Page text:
Meanwhile, the petition sent to the government by many of Israel's social workers noted that "many of them are survivors of the torture camps in Sinai," and asserted that expelling them is "not a solution."
"As social workers, we are committed to protecting people at risk, to work for equality and social justice at the individual and community levels, and to prevent discrimination against any person or group based on race, color, sex and national origin," they wrote, urging the government to stop the expulsion and "find fair solutions to the issue."
The signatories also addressed the claim that the expulsion of asylum seekers will aid residents of south Tel Aviv, claiming that their distress "is a product of prolonged neglect by the authorities, discrimination in the distribution of resources and the lack of adequate infrastructure, institutions and proper facilities for the betterment of their quality of life.
"The concentration of asylum seekers in the south of the city weighs heavily on its veteran residents and creates the false impression there is war on resources. We must put an end to the direction of oppressed populations to fight each other, and instead take care of everyone's welfare.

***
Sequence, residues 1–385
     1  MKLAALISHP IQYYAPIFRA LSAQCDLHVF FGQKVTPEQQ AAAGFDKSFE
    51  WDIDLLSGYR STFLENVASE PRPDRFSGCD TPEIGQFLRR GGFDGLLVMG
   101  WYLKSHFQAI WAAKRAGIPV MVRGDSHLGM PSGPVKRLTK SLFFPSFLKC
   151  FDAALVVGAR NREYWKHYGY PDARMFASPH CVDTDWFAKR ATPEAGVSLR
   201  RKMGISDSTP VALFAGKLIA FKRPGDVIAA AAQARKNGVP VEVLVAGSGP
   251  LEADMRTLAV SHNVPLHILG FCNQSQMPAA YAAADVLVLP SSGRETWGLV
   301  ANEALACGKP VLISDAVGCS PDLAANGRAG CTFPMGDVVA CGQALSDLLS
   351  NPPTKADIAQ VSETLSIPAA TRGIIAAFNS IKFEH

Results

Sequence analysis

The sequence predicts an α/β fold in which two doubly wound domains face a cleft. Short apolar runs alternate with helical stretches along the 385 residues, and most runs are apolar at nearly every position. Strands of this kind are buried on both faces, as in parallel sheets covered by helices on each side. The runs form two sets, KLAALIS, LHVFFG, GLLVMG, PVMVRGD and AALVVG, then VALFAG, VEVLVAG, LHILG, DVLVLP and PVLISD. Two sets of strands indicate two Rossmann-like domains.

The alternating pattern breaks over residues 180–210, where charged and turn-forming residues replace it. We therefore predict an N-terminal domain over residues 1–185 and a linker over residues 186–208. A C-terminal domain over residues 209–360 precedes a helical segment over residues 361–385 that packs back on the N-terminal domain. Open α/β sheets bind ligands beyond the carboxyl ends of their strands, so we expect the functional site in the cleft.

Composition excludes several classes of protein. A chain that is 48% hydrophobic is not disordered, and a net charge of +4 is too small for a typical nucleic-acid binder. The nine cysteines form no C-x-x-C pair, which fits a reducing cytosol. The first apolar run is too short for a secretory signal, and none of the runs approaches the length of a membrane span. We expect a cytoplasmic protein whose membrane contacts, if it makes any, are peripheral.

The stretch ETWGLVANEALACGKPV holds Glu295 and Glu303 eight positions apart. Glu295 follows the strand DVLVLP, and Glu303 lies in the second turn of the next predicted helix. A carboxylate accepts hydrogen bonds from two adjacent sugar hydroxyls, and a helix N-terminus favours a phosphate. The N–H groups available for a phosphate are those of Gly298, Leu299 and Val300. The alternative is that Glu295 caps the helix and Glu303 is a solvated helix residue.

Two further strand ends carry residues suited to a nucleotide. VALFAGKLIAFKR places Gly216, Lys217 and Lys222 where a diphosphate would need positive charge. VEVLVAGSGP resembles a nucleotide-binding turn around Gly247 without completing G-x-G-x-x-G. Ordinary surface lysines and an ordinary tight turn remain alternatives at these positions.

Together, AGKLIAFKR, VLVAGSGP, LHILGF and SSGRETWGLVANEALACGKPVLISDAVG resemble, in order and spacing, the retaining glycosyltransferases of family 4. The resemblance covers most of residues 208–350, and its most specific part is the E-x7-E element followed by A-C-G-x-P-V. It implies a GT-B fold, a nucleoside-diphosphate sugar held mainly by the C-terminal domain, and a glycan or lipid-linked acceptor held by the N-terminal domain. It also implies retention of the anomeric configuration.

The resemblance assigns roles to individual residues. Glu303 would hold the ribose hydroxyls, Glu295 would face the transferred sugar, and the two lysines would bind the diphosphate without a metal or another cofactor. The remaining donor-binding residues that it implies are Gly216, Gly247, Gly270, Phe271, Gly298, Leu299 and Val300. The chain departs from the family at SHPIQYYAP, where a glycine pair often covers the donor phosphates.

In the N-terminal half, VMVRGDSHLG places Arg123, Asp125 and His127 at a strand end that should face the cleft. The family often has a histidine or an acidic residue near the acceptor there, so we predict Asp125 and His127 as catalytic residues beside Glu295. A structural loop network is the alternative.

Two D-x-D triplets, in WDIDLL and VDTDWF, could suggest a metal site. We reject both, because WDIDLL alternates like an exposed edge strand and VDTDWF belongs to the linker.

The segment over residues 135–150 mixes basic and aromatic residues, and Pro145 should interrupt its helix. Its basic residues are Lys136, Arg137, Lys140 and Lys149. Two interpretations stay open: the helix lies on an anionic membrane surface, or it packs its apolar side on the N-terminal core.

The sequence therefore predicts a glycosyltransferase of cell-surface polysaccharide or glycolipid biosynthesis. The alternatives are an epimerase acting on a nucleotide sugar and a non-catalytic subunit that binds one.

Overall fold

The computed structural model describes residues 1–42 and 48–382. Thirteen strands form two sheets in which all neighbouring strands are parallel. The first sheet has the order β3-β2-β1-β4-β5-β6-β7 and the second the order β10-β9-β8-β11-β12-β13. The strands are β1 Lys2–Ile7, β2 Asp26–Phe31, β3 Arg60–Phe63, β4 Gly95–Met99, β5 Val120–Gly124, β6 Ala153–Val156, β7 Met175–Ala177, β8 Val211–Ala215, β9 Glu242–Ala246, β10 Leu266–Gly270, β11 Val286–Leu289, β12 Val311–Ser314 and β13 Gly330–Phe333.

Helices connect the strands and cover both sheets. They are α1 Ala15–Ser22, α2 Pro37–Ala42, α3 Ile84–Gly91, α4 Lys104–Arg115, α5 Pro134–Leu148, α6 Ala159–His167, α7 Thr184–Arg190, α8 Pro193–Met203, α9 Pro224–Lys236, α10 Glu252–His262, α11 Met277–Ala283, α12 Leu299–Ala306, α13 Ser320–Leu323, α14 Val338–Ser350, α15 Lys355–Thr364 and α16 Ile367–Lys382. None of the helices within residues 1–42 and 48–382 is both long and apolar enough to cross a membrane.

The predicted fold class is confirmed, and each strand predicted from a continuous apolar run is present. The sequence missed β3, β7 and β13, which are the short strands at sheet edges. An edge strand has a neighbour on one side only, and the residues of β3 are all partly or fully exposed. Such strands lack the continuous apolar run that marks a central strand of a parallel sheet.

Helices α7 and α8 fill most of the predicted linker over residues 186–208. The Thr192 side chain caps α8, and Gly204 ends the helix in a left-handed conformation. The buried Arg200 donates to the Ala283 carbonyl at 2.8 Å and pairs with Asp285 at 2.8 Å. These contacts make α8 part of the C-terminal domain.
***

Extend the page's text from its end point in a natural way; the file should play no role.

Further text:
The social workers noted they know that "complex social issues do not have simple solutions," though added that they nevertheless "believe that solutions can be found that will benefit both the veteran Israelis and the refugees who arrived here."
'A campaign of disinformation'
Yossi Edelstein, the head of the Enforcement and Foreign Affairs Administration in the Population and Immigration Authority, warned Sunday that any illegal resident from Sudan or Eritrea who failed to file a request for asylum by the beginning of January will no longer be able to file one.
Edelstein also insisted that the new deportation policy does not discriminate between illegal residents from Africa and those who came from Europe.
"We announced clearly that we are offering everyone to leave voluntarily, and anyone who does not comply with our request will be arrested," he said, adding that children and their parents are excluded from the planned expulsion at this stage.
"We explicitly stated that anyone who submitted an asylum application by January 1, his application will be examined before being offered to leave the State of Israel," he stressed. "His request will be processed and he will not be deported until his application is examined."